This package is primarily for on-site carpentry companies and not joinery shops. A complete H&S package for just £65.00.
What’s in the carpentry package?
We’ve created a single package out of 15 of our documents based on our professional experience and our customers download trends. All 15 documents have been compiled into a single 50-page electronic document, and buying these RAMS allows you to display the "Health & Safety Gold Standard Award" on your website. Letting clients, customers and contractors know that your H&S is current and up to date. Not only will your RAMS be current and up to date but they will stay that way because as H&S changes we update this carpentry package to reflect new trends and laws.
The full table of contents for this comprehensive package can be found by scrolling down.
Is it value for money?
Not only is this package comprehensive, it’s also great value for money with a saving of over £70 off the list price, compared to buying these documents individually.
It’s been written by trained health and safety professionals and will increase your chance of winning tenders. As with all our documents, this is in docx format, which allows you to edit it in Word™ or the processor of your choice.
You can add easily add your company details and logo to the cover sheet, then it’s ready to go.
This document is:
- Recognised by local authorities
- Recognised by principal contractors
- Suitable for CDM sites
- Approved by H&S managers
Our customers feedback are a testimony to the value of this package.
Risks carpenters can be exposed to
The construction industry as a whole has many incidents involving falls from height and slips, trips and falls. Trips in particular are a high risk area for carpenters as there are often trailing leads, a tool box, a screw box and a selection of tools and battery chargers dotted around the work area.
There are also occupational hazards from inadvertently disturbing asbestos, or working with chemicals and wood dust, or hearing loss and hand arm vibration risks from certain power tools.
There is the risk of cuts, grazes and amputations from hand and power tools, as well as strike injuries to eyes, face and body from objects been ejected by a tools moving parts.
Handling materials, working in confined spaces or carrying out repetitive tasks can cause musculoskeletal complaints and dermatitis can be a common from using adhesives, silicones and solvents.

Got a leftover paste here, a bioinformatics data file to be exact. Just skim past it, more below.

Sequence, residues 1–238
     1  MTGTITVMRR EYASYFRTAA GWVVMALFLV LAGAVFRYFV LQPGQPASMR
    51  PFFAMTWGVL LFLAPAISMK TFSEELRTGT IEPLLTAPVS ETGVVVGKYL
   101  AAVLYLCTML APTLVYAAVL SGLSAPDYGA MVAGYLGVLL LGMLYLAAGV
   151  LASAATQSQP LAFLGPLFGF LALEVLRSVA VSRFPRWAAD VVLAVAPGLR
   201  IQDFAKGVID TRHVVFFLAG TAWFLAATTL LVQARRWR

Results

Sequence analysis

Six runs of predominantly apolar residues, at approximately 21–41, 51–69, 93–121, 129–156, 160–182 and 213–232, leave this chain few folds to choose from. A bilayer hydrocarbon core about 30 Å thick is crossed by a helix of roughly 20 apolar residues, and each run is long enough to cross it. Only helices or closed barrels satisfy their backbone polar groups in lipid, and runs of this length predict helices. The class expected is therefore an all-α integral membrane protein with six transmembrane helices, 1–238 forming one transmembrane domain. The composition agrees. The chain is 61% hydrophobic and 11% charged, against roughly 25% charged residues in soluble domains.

In short a carpenter has far more chances of getting an injury than many trades because of the amount of power tools used and the versatility of the work.
What H&S does your company need?
If you employ 5 or more people you are legally required to have a company H&S policy. You are also legally required to carry out risk assessments and COSHH assessments. Method statements aren’t a legal requirement, but if you ever tender for work to principal contractors or CDM sites without them, you won’t get very far.
Company health and safety policy: This is a document that states in general terms how your company manages H&S. The document does not address specific jobs or sites, instead it gives an outline of your organisations structure and policy towards H&S, so is a stand alone document and not part of the RAMS for a specific site.
Risk assessments: These have to be completed for every task before an employee carries out any work. The reason fir them is to find out if there are any potential hazards and if so to introduce control measures to eliminate of reduce the risk to an acceptable level.
Method statements: Method statements don’t have to list every stage of a job, because many fitments come with their own method statement. As an example if a carpenter was fitting a lock, he would fit it as per manufacturers instructions. The manufacturers instructions are in effect a method statement.
COSHH assessments: A legal requirement for any substance used in the workplace letting people know the composition, the products hazards for the user, for the environment, fire fighting measures and first aid measures.
Manual handling, asbestos awareness, work at heights and slips, trips and falls courses are all available online with some offering great value for money. All four of these courses are considered essential training for carpenters.
But most training is about repetition, changing attitudes and imparting information about newly introduced working practices, and this can be done in many ways. Verbally, by handing out safety fliers, notices put up on notice boards or in the relevant work areas, by handing our new method statements, risk and COSHH assessments, or, with a toolbox talk.
The most important thing is to get the message of any potential risks, across to the people carrying out the work.
Table of contents
Table of contents for carpentry package:
Risk assessments for:
- 01) 1st and 2nd fix carpentry works
- 02) Risk awareness for areas where asbestos could potentially be discovered
Method statements for:
- 03) recommended fixing techniques into various substructures
- 04) roof timbers
- 05) hanging doors
- 06) kitchen fitting
- 07) laminate flooring
- 08) timber partitioning
- 09) fencing
COSHH assessments for:
- 10) contact adhesive
- 11) decorators caulk
- 12) expanding foam
- 13) solvent-free grab adhesive
- 14) intumescent sealant
- 13) silicone sealant